The Reformation in England

The Reformation in England

The Reformation in England

The Reformation in England

Excerpt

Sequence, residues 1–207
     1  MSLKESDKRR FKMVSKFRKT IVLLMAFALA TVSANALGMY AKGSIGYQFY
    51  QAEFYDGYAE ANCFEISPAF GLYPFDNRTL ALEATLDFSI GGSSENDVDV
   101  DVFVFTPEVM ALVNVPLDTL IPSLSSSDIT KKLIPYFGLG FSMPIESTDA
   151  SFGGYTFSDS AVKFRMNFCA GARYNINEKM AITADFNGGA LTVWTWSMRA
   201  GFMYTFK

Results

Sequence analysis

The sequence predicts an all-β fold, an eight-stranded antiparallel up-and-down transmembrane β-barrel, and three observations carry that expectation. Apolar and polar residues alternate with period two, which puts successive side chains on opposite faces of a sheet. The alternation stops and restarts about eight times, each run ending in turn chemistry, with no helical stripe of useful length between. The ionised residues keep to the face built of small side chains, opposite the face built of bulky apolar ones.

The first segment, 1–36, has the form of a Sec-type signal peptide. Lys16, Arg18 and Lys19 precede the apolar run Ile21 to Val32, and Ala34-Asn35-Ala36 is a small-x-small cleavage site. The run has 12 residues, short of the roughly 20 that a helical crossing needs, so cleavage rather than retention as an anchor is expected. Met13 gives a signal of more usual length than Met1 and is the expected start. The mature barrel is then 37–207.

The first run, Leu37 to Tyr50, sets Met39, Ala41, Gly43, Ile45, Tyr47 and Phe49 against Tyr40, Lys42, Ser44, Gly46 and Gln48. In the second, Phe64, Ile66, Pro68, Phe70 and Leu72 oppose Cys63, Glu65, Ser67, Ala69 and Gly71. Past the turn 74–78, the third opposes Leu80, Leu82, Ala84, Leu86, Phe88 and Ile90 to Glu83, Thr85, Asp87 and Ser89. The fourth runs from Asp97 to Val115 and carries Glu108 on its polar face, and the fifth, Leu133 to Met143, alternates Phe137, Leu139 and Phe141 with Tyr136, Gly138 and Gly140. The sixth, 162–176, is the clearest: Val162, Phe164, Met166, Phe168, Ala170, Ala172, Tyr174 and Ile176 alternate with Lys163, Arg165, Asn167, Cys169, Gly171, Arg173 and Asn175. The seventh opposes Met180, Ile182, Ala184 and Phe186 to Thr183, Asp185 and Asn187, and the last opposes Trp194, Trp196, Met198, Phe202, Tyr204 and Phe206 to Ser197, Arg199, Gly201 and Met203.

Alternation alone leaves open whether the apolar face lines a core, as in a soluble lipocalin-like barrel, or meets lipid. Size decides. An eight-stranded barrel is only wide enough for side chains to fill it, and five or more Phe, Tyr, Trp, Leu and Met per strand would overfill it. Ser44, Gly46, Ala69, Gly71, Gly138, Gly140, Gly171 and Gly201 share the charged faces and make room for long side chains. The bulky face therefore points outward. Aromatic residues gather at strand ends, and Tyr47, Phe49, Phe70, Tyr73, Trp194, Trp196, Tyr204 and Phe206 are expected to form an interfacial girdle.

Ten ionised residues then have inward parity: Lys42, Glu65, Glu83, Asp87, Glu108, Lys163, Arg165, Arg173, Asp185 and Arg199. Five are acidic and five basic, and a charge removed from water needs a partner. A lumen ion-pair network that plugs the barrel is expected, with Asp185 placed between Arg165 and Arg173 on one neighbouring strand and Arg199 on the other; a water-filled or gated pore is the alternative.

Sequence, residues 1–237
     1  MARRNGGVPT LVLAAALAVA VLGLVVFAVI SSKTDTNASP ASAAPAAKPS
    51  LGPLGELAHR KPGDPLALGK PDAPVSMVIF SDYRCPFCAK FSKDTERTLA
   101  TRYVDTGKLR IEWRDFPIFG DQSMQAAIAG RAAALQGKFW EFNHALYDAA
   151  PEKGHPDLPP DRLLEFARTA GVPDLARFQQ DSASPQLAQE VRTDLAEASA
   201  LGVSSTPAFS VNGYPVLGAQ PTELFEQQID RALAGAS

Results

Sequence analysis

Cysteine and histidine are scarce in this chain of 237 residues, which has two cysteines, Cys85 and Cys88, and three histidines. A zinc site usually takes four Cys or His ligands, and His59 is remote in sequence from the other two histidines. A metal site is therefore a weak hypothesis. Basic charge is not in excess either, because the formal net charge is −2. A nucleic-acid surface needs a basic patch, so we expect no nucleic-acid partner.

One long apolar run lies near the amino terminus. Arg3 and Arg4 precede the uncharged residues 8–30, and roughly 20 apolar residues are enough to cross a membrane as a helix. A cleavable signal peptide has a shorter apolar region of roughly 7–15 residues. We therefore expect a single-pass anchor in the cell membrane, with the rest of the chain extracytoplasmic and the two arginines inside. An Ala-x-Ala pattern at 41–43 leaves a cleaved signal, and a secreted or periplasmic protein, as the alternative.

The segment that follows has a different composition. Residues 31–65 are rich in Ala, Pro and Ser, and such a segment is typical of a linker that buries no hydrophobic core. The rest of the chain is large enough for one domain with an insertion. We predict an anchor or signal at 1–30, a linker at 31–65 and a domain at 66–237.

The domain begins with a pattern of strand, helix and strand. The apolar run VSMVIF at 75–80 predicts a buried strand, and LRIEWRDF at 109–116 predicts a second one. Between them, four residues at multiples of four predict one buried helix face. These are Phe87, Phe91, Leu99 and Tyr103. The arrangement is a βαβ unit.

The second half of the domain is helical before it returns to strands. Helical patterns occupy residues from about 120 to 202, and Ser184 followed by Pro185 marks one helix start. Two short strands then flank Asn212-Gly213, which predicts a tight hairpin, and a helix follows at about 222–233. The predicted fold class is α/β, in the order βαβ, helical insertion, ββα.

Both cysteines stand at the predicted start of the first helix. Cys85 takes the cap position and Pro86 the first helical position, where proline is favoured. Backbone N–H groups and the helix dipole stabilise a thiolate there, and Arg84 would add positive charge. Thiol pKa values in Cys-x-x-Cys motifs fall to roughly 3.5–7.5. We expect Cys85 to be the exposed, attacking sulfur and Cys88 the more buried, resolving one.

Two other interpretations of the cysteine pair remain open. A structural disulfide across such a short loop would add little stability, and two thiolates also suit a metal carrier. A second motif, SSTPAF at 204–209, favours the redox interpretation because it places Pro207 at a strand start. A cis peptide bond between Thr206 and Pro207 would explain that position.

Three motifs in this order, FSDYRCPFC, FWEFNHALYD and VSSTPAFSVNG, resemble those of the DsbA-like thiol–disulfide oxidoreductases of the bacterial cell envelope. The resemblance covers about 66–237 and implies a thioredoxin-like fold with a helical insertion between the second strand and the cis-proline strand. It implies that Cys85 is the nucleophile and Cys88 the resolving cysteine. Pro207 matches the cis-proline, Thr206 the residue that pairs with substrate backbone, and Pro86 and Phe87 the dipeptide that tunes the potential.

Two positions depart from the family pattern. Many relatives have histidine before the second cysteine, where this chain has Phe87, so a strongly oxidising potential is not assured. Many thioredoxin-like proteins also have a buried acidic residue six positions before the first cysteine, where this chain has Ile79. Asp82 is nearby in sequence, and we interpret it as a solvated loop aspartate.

ALL SAINTS' EVE, 1517, and Dr. Martin Luther of the order of Hermits of St. Augustine, sub-prior of their monastery of Wittenberg in Saxony, professor of Sacred Scripture in the town's newly-founded university,1 has been attending to his own contribution to the morrow's celebrations. All Saints' Day is, at Wittenberg, the patfonal feast of the castle church which serves, at the same time, as the church of the university. It is the day when the Elector's great collection of relics is shown for veneration, and pilgrims crowd in from all over his dominions to gain the indulgences with which, at his petition, the popes have enriched this local cult. At Jutenborg, ten miles away, and beyond the frontier, there has just arrived the caravan of John Tetzel, a Friar Preacher, commissioned by the Archbishop of Mainz to preach the new indulgences put out by the pope, Leo X, in aid of the rebuilding of St. Peter's church at Rome.

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